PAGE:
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Was It Time For Brock Lesnar To Retire From MMA?

Submitted by on January 4, 2012 – 10:25 amOne Comment

When Brock Lesnar came to the UFC, he brought the sport a ton of mainstream attention. Many anticipated the 6’3″, 265lbs monster of a man to be little more than a sideshow, thanks to his WWE background and the fact that he only had one MMA fight before UFC president Dana White decided to bring him into the Octagon.

Boy, were we wrong.

Despite losing his first fight in the UFC to former champion Frank Mir at UFC 81, Lesnar demonstrated a unique athletic ability and brute strength that put the entire heavyweight division on notice. All he needed was a little bit of polish. In his next fight, Lesnar fought Heath Herring, crushed his orbital bone with a right hand, and dominated the veteran en route to a unanimous decision victory. Rather than being tossed cream puffs, Lesnar was thrown to the wolves again when he faced future hall-of-famer at UFC 91 for the UFC heavyweight title. Any concerns that Lesnar wasn’t ready for the big time were put to rest when Lesnar scored a resounding 2nd round TKO and became the champion in only his fourth professional fight. So much for not being ready.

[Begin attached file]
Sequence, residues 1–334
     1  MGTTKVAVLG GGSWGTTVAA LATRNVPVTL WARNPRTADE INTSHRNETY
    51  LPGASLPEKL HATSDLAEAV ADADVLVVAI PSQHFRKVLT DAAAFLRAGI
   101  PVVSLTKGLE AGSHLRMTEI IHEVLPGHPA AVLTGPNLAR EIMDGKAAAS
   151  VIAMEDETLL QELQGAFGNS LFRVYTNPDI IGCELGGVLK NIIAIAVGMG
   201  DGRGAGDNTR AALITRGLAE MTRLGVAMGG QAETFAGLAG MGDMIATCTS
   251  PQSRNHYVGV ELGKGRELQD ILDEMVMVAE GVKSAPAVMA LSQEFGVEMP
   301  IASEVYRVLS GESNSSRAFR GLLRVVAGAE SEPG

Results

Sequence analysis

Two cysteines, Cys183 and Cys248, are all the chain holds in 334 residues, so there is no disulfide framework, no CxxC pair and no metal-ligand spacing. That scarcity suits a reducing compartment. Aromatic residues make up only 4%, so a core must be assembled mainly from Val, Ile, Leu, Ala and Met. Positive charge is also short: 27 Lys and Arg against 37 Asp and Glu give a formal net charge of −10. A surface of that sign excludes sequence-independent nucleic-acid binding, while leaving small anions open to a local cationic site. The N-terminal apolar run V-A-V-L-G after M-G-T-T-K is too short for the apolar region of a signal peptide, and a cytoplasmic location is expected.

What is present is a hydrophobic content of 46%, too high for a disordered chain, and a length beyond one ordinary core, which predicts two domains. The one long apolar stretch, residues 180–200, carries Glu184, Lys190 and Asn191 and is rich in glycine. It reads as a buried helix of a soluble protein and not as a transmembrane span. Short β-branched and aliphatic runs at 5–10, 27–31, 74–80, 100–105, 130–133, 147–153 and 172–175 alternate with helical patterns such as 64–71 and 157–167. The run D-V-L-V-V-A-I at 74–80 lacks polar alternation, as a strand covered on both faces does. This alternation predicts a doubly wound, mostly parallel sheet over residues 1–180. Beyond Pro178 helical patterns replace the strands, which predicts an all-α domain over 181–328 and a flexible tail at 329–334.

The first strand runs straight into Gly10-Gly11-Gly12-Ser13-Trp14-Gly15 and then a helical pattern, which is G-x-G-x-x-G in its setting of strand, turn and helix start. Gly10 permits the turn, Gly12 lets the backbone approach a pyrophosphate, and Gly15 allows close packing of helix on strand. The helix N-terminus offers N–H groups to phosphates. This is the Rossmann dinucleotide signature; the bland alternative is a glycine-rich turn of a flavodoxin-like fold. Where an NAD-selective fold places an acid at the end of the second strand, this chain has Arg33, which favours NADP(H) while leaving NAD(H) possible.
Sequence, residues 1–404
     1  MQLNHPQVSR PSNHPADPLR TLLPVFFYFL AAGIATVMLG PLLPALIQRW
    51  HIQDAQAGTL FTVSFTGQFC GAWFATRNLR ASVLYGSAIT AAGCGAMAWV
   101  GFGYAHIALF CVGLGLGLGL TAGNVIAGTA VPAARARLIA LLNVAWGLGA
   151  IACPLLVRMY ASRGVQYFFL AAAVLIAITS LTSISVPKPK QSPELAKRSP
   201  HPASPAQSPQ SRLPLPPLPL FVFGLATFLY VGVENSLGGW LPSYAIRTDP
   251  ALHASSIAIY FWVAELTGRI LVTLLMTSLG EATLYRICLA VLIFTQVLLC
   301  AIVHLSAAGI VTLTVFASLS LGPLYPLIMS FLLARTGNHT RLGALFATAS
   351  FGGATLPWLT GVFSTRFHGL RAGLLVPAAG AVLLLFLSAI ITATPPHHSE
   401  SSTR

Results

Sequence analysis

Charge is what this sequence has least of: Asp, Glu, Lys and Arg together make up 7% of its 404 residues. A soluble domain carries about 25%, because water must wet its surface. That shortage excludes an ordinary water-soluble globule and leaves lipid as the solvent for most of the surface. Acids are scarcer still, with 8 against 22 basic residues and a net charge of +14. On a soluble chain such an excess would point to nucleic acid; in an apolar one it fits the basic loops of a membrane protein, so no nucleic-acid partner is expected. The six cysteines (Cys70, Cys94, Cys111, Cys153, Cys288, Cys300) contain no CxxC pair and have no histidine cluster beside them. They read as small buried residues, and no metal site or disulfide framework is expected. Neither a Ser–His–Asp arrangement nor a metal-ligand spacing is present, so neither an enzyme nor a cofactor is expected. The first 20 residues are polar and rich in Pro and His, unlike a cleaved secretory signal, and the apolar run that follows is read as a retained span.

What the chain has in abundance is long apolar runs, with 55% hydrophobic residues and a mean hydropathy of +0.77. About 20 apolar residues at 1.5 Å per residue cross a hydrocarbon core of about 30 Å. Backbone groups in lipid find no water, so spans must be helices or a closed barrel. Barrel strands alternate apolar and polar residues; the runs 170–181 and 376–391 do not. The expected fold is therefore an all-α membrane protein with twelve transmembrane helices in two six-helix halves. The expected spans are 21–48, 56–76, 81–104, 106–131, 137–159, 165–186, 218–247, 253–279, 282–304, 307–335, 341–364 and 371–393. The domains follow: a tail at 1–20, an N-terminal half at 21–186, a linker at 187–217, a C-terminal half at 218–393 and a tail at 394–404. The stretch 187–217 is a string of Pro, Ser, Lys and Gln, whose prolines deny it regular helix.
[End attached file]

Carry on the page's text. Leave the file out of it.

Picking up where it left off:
Since then, a bout with the intestinal disorder diverticulitis had taken a toll on the champion as Lesnar was forced out of action as he struggled with whether or not his MMA career would continue. A lesser man might have called it quits, but Lesnar made a valiant return and survived a five minute drubbing at the hands of Shane Carwin before coming back and scoring a second round submission victory.  It would be the last time Lesnar would see his hand raised in victory.

A first round knockout at the hands of Cain Velasquez and this past Saturday’s beatdown courtesy of Alistair Overeem sent Lesnar into retirement. Perhaps not just because he lost twice in a row, but more than likely because of all he has had to deal with upon returning to the cage. The struggle with diverticulitis, his still relatively green professional record and the fact that he simply doesn’t like to be hit all compounded into Lesnar’s decision to retire.

But let’s be clear, there’s nothing wrong with Lesnar walking away from the sport. He accomplished so much in so little time while defying the odds of both skeptics and his doctors who felt that he shouldn’t compete any longer. No other fighter has done so much for the UFC in eight fights as Lesnar has. He’ll be remembered for his larger than life persona, extraordinary athletic ability, and dedication to the sport.

We won’t be mad if he ever decided to return to the WWE for a one-off either.

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